- Shopping Bag ( 0 items )
Publishers WeeklyWith spy thriller suspense and the clarity of a police report, former special agent Burton's State Department saga reads like a brewing-storm prequel to the current "war on terror." Working for the tiny, newly created counterterrorism division of the Diplomatic Security Service in the mid-1980s, Burton liaisons among the FBI, the CIA, and a network of covert informants "to find out the how" of terrorist attacks, and prevent repeat events. This snapshot of his career reveals "the foundations for the chaos we face today: a cold war between superpowers overlayed atop a growing struggle between the Christian world and radical Islam." Of obvious interest to anyone with an eye on world affairs, Burton's assets will draw in even casual counterterrorism fans: the spook can actually write. His first hook is a Dashiell Hammett-esque preface about his hand-written list of targeted terrorist masterminds, which he keeps on his person at all times and "as current as today's headlines." From there he takes readers through the crimes and captures of a few, along with the formation and administration of the first State Department unit of its kind. Most striking is the material's relevance twenty years later; Burton's clashes with Hezbollah in Beirut and prickly diplomacy with Iran could almost be pulled from present-day newspapers.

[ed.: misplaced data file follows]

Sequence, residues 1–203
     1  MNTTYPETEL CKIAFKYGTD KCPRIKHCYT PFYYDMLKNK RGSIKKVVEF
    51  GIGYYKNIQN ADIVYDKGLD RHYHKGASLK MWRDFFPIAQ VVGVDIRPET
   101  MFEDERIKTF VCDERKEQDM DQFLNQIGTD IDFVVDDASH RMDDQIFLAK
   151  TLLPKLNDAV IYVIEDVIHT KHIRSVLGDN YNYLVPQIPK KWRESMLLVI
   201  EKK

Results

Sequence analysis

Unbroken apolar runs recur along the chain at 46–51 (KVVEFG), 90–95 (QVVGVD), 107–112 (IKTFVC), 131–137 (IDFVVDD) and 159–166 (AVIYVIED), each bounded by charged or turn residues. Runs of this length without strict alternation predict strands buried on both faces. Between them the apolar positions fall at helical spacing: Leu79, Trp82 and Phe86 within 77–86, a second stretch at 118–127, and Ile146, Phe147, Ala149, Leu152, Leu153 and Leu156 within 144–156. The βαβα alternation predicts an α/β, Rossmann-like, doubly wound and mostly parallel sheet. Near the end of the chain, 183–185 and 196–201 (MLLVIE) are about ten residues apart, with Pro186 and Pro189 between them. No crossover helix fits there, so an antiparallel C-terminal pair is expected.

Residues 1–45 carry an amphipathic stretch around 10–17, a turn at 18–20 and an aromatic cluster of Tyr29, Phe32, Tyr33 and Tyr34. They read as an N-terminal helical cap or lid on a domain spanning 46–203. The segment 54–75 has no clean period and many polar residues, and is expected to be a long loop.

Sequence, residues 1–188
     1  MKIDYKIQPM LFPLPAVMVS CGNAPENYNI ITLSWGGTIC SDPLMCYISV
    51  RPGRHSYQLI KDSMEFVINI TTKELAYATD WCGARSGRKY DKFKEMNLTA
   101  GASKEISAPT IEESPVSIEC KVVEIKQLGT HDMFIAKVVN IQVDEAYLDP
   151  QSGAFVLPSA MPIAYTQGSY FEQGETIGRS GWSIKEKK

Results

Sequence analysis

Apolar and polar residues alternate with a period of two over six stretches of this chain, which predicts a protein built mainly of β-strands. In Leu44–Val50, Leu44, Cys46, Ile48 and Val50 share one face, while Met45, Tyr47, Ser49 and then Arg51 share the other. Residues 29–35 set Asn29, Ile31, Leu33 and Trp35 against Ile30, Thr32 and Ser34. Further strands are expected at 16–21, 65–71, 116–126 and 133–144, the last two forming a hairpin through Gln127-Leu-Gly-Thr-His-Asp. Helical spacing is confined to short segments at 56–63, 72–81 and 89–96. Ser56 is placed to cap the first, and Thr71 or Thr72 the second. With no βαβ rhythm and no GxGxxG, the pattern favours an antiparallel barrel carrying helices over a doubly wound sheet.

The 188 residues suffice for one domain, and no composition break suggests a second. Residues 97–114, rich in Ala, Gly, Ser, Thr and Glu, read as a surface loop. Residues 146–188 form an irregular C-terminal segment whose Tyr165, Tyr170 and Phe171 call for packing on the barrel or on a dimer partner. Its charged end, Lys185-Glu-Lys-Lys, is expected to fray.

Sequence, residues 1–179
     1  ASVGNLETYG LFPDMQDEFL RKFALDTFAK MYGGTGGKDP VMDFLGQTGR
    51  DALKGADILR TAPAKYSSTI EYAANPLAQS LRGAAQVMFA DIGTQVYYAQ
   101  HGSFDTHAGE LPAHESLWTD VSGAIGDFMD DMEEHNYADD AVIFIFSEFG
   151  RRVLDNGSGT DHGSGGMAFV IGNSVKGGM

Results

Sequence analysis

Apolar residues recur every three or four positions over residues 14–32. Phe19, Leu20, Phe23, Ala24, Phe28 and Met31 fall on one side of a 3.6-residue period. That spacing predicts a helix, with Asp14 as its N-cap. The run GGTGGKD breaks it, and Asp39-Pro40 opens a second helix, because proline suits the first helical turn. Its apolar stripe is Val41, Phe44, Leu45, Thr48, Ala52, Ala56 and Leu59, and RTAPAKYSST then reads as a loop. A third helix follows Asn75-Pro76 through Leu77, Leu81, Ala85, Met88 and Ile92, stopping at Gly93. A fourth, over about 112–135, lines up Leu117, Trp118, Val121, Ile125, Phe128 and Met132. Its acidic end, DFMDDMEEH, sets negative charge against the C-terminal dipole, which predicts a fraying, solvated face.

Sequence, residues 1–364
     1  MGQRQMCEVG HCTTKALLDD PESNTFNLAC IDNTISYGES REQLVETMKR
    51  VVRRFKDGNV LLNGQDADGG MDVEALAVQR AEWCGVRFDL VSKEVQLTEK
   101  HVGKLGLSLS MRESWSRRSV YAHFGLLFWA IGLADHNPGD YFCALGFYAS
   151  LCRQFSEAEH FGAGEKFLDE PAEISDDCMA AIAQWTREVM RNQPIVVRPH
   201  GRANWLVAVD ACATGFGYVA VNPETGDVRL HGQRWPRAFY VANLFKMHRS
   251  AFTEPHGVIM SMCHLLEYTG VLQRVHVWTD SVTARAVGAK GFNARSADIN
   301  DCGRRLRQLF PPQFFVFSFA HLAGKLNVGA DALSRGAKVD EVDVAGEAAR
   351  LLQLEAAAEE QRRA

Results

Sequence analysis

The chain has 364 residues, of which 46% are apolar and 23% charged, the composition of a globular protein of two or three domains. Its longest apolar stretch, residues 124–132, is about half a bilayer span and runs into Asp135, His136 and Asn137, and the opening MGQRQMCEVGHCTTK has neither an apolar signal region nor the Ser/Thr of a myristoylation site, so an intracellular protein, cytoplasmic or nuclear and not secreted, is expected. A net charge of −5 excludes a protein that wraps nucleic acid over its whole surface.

Copyright © Reed Business Information, a division of Reed Elsevier Inc. All rights reserved.